Ted Guthrie

1968 Aermacchi M68. Another Outstanding bike from Ted Guthrie!

Nice to see long time contributor Ted Guthrie still at it!   I checked and sure enough, he’s sent in so much stuff over the years that he has his own tag,   Thanks Again Ted!  Beautiful!

Just finishing up this 1968 Aermacchi M68.  All original except for recovered seat and aftermarket grips (which don’t fit right).  Even wearing the original tires.  Those with sharp eyes however will note the intermediate chain guard (between main guard and engine case) is missing.  Original lost.  eBay replacement on the way.Aermacchi 4 M65 1 M65 2 Aermacchi 1 Aermacchi 2 Aermacchi 3

Reader Submittal. Stunner Of An Ariel Square Four From Ted Guthrie.

Ted wrote about this Vintage Days Beauty:

The Ariel club’s display included this beauty. This group was also just set up in the swap meet. Note all the congestion behind the Square Four, which is typical of Vintage Days – just tons and tons of fantastic old bikes and parts.

Reader Ride. Moto Beta 125 Premier Enduro. A Stunning restoration From Our Old Friend Ted Guthrie.

Haven’t heard from Ted in a while so I thought he might be up to something… and sure enough… here’s his beautiful restoration on a Moto Beta 125 Premier Enduro that he finished just in time for the Mid Ohio Vintage Days event. I have GOT to get up there one of these years dammit.


And here is the before pictures.  I mean holy smokes that a nice restoration.  Really well done there Ted.  thanks for sharing it.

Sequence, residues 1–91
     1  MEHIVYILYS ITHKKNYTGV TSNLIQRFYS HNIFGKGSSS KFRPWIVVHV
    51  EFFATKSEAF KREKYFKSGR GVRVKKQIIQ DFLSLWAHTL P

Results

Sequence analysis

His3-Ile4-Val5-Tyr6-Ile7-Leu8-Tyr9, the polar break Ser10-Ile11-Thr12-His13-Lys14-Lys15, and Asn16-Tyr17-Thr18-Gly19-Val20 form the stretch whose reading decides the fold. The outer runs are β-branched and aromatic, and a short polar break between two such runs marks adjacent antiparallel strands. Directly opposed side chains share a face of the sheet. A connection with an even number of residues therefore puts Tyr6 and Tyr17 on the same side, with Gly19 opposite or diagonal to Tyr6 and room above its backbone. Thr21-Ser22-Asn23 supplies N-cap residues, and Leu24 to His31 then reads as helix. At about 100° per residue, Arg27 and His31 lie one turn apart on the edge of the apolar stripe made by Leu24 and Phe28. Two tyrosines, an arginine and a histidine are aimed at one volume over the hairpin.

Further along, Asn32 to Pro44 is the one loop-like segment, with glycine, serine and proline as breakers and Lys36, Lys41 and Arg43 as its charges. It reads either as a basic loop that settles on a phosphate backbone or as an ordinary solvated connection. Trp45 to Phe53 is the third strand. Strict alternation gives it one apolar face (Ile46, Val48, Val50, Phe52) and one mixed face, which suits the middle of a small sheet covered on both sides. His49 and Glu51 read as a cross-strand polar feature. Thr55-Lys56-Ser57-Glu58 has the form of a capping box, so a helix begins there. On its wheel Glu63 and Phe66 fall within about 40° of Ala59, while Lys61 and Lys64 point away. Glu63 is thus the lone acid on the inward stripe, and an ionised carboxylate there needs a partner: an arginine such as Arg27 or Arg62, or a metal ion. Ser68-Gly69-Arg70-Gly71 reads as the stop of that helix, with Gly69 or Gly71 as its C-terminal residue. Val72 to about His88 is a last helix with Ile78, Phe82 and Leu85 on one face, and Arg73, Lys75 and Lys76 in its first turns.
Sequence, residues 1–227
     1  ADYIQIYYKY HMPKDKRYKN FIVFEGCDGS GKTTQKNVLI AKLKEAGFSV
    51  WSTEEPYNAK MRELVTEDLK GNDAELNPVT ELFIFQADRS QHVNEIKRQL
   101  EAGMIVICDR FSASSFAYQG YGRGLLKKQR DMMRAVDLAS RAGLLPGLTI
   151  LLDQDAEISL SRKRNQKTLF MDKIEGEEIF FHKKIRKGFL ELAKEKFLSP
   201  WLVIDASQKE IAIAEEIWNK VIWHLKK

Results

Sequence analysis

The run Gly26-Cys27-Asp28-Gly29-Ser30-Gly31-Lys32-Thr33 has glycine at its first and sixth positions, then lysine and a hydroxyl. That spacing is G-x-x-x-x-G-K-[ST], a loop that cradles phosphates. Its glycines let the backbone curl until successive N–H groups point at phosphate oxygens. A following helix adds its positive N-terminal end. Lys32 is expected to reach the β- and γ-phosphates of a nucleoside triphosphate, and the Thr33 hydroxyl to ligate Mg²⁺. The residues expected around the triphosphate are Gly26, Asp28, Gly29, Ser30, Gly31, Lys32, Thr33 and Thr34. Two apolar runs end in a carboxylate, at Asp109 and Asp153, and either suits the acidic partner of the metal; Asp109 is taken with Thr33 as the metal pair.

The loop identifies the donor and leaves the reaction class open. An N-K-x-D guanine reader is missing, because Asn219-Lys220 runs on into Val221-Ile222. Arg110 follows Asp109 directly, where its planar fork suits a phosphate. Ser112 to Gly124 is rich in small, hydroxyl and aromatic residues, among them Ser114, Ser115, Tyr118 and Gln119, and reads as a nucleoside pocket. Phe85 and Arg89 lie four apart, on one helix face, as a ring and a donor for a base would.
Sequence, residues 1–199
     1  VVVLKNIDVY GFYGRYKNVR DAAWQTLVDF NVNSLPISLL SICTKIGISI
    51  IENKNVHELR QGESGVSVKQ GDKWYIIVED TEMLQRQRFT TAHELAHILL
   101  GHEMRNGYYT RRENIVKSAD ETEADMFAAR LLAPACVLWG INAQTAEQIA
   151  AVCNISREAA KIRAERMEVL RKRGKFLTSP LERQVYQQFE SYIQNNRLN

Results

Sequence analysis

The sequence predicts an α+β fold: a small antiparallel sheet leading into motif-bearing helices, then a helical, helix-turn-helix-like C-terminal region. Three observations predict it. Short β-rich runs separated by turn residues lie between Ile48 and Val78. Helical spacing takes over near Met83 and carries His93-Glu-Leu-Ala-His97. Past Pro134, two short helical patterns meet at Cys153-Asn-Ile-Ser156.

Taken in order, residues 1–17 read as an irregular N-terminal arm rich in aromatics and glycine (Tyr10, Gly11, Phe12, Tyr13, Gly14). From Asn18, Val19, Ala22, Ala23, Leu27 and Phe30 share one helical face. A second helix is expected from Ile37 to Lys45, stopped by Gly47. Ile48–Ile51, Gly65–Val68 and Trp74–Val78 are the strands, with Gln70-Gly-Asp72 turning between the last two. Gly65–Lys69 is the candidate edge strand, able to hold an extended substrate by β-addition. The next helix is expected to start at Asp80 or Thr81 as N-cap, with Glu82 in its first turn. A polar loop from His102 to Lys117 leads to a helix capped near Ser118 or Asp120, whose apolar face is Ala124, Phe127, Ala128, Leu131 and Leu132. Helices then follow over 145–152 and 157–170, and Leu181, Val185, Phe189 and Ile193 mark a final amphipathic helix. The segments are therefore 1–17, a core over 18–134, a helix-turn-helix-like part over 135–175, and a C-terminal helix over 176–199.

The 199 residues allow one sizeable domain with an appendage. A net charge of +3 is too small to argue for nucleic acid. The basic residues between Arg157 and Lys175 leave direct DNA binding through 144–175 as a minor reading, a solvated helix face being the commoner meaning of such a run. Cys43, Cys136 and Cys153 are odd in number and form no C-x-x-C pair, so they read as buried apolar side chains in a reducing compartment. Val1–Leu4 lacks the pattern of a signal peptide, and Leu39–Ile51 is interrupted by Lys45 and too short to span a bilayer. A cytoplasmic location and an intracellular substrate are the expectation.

Great stuff from the Packard Auto Museum courtesy of Ted Guthrie.

Ted Guthrie has been sending me so many good pics for so long now that he has his own search term over to the right of the blog in the word cloud.  His latest e-mail is so good that I’m just going to recreate it here as I recieved it in its entirity.  Good to hear from you again Ted and  as always, Thanks Very Much for the post!

Hi, Steve. Here are some pics from a nice, little vintage bike display at Warren, Ohio’s Packard Auto Museum. But first, a little background on WHY there is a Packard auto museum in Warren, Ohio. Well, James Ward Packard, founder of the luxury auto giant bearing his name, was born in this small city, which is located in the NE part of the state. Among his other business interests, Mr. Packard opened Packard Electric in 1890. A manufacturer of electrical components for the automobile industry, Delphi Packard Electrical Systems as it is known today, became a part of General Motors in 1932, and is still located in Warren. By contrast, the Packard Motor Car Company, which began production of automobiles in 1900, moved operations to Detroit, Michigan, in 1902.